- Your writing will improve — likely even your speaking. Before I had this blog, I thought writing s*cked … and it showed. I had comma splices and run-on sentences galore. I didn’t think it was a big deal. Frankly, I thought it was a badge of honor as a techie to have less than stellar communication skills. Before I got too far down the blogging path, I did a mental inventory of which blogs I enjoyed reading and why. It quickly occurred to me as to what are the major ingredients of a good blog: programming-rich topics, well written and fun and/or at times entertaining, too. Many bloggers whom I liked tended to also be a bit sassy/sarcastic and/or opinionated, too, although not too much but certainly not bland in their writing. They had a specific topic or niche, but they also had some variety as well. Well, in order to improve on your writing, you can start by getting a copy of Strunk and White’s book, the Elements of Style. After you start writing your blog, you likely will notice holes in your knowledge, and you’ll need to go out and fill them. You’ll start Googling grammar topics and probably end up buying a couple of more books on writing. And when your writing improves, so in some ways will your speaking. This isn’t obvious but if your writing skills are subpar your speaking skills will be less powerful. As you learn to be a better writer, you’ll learn — or relearn — about active and passive voice, verb agreement, verb/subject collocation, subject/object differences, etc. You just might even master the dreaded who/whom debacle to which formal English remains married (see how I used formal English there!). So when you are preparing your slides or going over what you want to say for a meeting or speech, you’ll be able to say it with more eloquence, impact and power. Think of some of the most powerful communicators in American politics (Pres. Obama, Pres. Bill Clinton, Sen. Ted Cruz, Sen. Marco Rubio, etc.) All of the aforementioned speakers have very strong communication skills. Think of MLK, JFK and Pres. Ronald Reagan, too. Strong communicators can make big impacts in the world — even getting credit for shutting down the United States government (ha ha).
- You’ll be able to more effectively promote your code or open source projects. Promoting your open source projects can be a challenge. I don’t know how many times I’ve seen open your projects on GitHub or another similar platform and there are zero people who’ve downloaded the project. And nobody but the original author appears to be working on the code. An open source project that isn’t promoted to some extent will be severely limited in getting exposure and, hence, take off. Just like what startup companies have to deal with, you need to market your product. Even open source projects need to be marketed to be the most successful they can be. Say you write a post about your new open source project, you may just find that one of your readers will want to help you build out your code base. If there is any possibility for monetization, you might have just found a business partner, too.
- You’ll expand on your creative skills and have fun. Coding has lots of need for creative skills. There are often a hundred different ways to write code to solve a problem so creativity matters. When you write blog posts, you likely will want to add some humor, tell a story or add what is called “flash fiction.” This forces you to expand on your creative juices and exercise your brain in ways likely different than you’ve experienced before. You’ll learn about similes, hyperbole, metaphors and other forms of figurative speech to add color to your creative writing. You can quickly see when a blogger doesn’t introduce some story telling or figurative language; the writing is much more bland and dry. A great example of an awesome technical writer/blogger is Joel Spolsky. Although Joel is one of the fathers of tech/software blogging, others came before him, but none probably as good. When you read Joel’s writing, you can really tell he is knowledgeable, smart and having fun with his writing. Joel is, figuratively speaking, my writing mentor, an influencer. I found out about him after seeing this video on YouTube a few years ago. That’s when I discovered his blog and started reading his work. (He also has some writing on Inc. as well.)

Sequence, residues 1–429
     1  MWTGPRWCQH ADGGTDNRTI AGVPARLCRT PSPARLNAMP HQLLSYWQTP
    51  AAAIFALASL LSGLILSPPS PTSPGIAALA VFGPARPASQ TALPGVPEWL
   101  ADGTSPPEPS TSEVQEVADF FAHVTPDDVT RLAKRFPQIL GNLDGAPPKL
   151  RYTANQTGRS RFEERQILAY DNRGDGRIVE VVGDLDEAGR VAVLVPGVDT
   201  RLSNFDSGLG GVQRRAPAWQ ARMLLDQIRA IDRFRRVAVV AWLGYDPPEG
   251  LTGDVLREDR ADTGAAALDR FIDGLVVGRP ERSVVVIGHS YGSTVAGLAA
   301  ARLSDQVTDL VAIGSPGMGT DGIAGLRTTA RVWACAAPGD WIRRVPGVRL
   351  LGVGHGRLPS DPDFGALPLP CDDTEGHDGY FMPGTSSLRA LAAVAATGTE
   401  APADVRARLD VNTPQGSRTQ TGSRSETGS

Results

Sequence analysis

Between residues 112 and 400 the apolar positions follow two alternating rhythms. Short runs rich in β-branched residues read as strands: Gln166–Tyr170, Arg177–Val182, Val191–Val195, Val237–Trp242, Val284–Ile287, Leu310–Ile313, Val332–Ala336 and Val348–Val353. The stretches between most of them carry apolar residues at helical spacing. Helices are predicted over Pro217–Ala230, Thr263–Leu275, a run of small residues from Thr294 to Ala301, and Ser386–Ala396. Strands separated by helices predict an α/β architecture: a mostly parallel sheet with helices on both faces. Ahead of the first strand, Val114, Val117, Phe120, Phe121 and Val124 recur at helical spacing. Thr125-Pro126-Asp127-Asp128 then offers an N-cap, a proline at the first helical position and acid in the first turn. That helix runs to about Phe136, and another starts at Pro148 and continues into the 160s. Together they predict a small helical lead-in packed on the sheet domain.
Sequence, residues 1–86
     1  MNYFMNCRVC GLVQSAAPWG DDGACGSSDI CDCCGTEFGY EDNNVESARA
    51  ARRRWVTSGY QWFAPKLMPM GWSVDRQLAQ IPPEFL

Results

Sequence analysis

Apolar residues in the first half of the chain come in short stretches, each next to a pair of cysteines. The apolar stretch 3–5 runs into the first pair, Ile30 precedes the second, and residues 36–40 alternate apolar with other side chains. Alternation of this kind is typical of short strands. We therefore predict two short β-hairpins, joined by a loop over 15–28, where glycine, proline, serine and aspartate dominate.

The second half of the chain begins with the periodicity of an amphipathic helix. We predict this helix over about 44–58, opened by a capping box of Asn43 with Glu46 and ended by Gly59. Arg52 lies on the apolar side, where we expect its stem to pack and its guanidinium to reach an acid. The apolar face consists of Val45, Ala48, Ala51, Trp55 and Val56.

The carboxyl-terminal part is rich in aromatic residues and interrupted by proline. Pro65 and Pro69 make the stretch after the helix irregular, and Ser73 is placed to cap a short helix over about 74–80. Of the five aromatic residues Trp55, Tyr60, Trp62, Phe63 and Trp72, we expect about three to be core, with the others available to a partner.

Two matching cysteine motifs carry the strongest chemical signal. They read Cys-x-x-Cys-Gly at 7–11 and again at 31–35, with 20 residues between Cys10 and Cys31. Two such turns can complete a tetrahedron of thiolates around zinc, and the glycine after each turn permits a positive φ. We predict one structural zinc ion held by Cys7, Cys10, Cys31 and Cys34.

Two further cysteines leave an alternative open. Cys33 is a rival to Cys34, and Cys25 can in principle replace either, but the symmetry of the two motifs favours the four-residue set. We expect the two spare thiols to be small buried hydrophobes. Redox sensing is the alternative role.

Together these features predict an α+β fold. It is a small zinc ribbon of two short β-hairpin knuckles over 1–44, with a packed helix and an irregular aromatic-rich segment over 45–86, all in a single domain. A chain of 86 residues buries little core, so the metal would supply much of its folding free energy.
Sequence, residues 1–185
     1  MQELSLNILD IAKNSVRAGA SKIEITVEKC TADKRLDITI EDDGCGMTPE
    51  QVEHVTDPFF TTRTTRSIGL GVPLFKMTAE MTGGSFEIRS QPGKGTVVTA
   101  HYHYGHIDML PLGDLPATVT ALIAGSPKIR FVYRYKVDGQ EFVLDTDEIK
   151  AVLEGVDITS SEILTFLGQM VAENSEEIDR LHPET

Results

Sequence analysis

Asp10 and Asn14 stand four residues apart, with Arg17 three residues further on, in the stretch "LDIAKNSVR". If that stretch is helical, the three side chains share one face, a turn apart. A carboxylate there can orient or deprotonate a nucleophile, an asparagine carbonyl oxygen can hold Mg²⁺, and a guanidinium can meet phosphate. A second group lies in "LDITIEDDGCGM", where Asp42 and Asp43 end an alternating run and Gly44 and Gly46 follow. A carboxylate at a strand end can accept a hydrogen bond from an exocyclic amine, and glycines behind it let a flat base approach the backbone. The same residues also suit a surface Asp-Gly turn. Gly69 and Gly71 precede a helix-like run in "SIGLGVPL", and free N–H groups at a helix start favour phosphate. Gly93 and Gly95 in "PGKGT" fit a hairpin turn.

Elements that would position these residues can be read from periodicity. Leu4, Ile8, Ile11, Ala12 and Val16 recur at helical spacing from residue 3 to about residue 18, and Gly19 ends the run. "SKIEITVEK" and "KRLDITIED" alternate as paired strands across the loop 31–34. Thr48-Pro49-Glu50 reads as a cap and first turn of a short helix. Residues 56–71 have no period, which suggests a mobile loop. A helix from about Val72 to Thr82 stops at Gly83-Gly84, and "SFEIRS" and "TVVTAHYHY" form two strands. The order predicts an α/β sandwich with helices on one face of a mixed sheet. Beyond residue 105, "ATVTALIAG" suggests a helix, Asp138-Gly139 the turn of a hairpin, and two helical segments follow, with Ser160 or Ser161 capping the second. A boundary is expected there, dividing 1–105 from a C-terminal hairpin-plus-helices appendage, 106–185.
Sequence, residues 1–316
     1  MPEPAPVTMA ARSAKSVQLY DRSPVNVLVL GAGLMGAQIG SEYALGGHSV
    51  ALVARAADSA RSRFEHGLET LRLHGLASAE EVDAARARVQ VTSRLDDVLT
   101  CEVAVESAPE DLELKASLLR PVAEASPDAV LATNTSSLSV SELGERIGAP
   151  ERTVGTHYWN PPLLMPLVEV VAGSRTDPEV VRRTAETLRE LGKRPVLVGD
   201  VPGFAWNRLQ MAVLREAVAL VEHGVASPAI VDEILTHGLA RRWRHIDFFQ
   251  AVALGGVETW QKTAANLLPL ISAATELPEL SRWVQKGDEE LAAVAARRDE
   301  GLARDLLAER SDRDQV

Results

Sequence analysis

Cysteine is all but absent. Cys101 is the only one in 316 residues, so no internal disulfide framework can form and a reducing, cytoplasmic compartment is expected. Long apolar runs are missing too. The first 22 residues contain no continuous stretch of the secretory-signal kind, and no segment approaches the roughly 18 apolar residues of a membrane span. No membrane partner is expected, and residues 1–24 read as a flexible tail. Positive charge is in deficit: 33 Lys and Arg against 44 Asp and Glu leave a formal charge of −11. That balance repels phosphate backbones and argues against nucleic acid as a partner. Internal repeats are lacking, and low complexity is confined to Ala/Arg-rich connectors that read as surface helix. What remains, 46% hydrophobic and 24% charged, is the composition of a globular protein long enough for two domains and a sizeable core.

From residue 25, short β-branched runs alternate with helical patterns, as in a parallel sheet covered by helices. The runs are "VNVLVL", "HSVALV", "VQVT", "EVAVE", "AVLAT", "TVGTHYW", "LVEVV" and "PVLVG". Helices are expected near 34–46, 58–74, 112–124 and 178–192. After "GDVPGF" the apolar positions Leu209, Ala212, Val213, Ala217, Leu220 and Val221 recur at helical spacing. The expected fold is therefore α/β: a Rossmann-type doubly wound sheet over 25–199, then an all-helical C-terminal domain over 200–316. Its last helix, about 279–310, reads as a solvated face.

- You will learn more and clarify your thoughts on topics. There is nothing like writing about a topic that forces you to flesh out your ideas on it. There are many posts I’ve done where what I thought was going to be the gist of my argument ended up being rather different. It was only after writing about it that I was forced to think about every angle more clearly.
Well, there you have it. Those are just some of the ways in which having a programming blog may benefit you (beyond benefiting your readers). It takes time to maintain a good blog, but the results are worth it. If your writing skills are rusty, they will get a little better after each blog post. Just develop a habit of trying to write at least one blog post per week. Many people consider one blog post per week to be the absolute minimum you must have in order to maintain an active readership. Some bloggers shoot for one post a day but that can be difficult to maintain, especially if you are working full time. Just remember to have fun with it, blog consistently and your readership will grow in time — but be patient.